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Breaking News English .com, UK Debates Social Media Closure in Crises (26th August, 2011)

Britain's government has been debating whether to shut down social media sites during times of public disorder. Prime Minister David Cameron has said police may need extra powers to curb them, even though he praised their use in the protests that led to the fall of Hosni Mubarak's government in Egypt earlier this year. Social networking sites like Facebook, Twitter and Blackberry Messenger were used extensively by rioters across England in the country's recent social unrest. They enabled looters and gangs to organise themselves during the riots and carry out attacks on police and property. Two men were jailed for four years for setting up a Facebook event entitled "Smash Down Northwich Town". Neither of the men took part in any rioting.

Deputy Prime Minister Nick Clegg dispelled rumours that his government would act against social media, saying: “We are not going to become like Iran or China [and] suddenly start cutting people off.” He added: “The government did not seek any additional powers to close down social media networks." Britain's Guardian newspaper reported that social media played a more positive role in the riots in organising street clean-ups and criticising the rioters. A Facebook official said their site was useful to the police as a valuable intelligence tool in gaining evidence to convict criminals. A Twitter spokeswoman said: "Twitter is an effective way to distribute updates and dispel rumours in times of crisis or emergency."

Classroom handouts, online activities and a listening for this article are at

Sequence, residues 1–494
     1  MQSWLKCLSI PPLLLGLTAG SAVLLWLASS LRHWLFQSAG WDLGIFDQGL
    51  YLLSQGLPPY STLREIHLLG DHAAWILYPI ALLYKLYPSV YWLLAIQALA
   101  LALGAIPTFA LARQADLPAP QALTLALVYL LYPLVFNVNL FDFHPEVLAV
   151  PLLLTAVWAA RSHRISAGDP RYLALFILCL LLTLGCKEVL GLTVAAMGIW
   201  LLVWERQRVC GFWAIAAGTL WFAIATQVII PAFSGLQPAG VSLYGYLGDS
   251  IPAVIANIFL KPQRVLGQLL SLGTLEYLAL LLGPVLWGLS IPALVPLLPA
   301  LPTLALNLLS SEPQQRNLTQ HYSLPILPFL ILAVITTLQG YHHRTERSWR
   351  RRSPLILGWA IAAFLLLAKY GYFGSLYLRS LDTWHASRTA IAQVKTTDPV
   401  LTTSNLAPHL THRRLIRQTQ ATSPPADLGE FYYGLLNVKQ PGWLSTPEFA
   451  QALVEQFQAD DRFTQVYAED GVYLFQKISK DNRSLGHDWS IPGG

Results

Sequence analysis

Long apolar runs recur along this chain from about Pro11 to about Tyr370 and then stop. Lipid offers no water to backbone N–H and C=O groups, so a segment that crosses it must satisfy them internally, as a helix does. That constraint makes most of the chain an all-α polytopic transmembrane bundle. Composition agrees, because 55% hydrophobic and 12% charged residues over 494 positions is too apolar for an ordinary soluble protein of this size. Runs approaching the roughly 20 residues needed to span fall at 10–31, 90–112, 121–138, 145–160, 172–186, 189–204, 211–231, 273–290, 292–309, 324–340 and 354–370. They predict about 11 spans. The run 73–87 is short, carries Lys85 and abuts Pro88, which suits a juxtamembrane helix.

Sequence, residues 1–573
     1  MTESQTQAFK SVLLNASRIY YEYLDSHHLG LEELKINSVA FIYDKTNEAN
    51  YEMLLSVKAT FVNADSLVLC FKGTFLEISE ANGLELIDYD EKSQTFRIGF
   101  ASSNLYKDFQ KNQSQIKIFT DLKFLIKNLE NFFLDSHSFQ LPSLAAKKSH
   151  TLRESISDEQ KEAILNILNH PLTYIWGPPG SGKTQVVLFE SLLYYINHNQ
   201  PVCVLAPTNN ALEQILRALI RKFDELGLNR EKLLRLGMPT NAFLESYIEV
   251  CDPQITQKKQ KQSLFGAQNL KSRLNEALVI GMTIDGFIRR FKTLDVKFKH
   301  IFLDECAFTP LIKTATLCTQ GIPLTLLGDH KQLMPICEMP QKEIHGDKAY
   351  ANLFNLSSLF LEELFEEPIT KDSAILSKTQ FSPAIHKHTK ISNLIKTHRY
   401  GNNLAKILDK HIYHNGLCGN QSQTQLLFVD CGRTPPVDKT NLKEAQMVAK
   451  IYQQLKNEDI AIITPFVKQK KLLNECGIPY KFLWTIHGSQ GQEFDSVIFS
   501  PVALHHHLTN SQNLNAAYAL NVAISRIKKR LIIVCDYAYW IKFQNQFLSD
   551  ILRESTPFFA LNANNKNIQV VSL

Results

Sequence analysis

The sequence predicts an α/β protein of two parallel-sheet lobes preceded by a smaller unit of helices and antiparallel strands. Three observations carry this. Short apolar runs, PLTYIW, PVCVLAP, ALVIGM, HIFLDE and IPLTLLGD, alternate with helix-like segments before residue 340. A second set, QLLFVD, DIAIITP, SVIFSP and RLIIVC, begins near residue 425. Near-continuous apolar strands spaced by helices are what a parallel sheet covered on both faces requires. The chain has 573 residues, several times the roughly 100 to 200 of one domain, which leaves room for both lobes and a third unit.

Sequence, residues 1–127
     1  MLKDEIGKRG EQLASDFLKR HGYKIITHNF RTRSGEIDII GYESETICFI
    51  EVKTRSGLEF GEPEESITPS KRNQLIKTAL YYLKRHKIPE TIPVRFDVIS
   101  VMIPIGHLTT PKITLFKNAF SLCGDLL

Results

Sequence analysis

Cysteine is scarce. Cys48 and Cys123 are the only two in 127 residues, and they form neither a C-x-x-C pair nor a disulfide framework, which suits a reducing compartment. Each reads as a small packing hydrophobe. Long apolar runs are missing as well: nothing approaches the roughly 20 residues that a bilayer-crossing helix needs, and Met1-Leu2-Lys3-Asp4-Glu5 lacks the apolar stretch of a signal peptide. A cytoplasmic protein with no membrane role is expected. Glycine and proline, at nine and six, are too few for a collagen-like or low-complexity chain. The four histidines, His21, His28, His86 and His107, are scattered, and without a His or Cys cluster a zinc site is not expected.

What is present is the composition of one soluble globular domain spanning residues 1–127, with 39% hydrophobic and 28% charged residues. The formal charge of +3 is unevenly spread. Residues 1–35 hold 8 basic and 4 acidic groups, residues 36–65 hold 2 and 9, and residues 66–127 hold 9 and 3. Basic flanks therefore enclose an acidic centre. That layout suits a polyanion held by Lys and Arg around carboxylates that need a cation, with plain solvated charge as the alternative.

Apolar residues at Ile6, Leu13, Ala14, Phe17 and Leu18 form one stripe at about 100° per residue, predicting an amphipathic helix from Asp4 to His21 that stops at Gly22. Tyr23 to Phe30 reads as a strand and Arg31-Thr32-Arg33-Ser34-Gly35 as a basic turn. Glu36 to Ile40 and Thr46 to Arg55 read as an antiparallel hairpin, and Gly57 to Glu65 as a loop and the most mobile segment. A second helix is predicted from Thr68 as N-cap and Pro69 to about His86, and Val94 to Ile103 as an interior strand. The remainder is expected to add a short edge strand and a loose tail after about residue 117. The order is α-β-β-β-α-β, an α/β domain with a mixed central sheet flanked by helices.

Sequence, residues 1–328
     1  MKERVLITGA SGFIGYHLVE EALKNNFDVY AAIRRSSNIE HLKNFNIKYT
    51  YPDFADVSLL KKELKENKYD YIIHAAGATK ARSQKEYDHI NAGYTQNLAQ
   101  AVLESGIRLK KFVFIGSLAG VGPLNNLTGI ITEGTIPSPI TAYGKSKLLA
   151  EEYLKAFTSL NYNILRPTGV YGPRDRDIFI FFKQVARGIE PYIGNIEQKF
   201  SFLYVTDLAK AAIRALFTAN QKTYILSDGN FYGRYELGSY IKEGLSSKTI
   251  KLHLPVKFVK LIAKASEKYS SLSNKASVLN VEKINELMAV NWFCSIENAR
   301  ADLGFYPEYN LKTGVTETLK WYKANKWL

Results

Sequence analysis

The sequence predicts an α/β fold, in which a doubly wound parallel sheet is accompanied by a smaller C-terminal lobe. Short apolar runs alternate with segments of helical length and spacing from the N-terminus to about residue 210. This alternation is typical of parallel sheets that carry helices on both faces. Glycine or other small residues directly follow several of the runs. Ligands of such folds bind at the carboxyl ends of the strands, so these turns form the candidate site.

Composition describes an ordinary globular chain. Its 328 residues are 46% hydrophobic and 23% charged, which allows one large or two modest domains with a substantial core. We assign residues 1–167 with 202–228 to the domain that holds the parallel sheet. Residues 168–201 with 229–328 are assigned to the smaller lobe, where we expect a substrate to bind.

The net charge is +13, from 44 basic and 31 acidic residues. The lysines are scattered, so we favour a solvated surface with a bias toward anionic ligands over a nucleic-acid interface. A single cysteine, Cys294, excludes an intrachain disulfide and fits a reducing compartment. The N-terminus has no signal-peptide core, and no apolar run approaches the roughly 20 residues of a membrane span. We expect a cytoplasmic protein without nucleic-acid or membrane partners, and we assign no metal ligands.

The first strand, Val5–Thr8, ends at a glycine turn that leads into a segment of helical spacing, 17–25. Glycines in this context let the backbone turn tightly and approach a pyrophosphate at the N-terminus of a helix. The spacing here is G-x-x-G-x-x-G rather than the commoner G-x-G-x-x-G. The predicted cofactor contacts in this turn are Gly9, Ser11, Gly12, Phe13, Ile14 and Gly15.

http://www.breakingnewsenglish.com/1108/110826-social_media.html



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Britain's government has been debating whether to shut down social media sites during times of public disorder. Prime Minister David Cameron has said police may need extra powers to curb them, even though he praised their use in the protests that led to the fall of Hosni Mubarak's government in Egypt earlier this year. Social networking sites like Facebook, Twitter and Blackberry Messenger were used extensively by rioters across England in the country's recent social unrest. They enabled looters and gangs to organise themselves during the riots and carry out attacks on police and property. Two men were jailed for four years for setting up a Facebook event entitled "Smash Down Northwich Town". Neither of the men took part in any rioting.

Deputy Prime Minister Nick Clegg dispelled rumours that his government would act against social media, saying: “We are not going to become like Iran or China [and] suddenly start cutting people off.” He added: “The government did not seek any additional powers to close down social media networks." Britain's Guardian newspaper reported that social media played a more positive role in the riots in organising street clean-ups and criticising the rioters. A Facebook official said their site was useful to the police as a valuable intelligence tool in gaining evidence to convict criminals. A Twitter spokeswoman said: "Twitter is an effective way to distribute updates and dispel rumours in times of crisis or emergency."

Classroom handouts, online activities and a listening for this article are at

http://www.breakingnewsenglish.com/1108/110826-social_media.html


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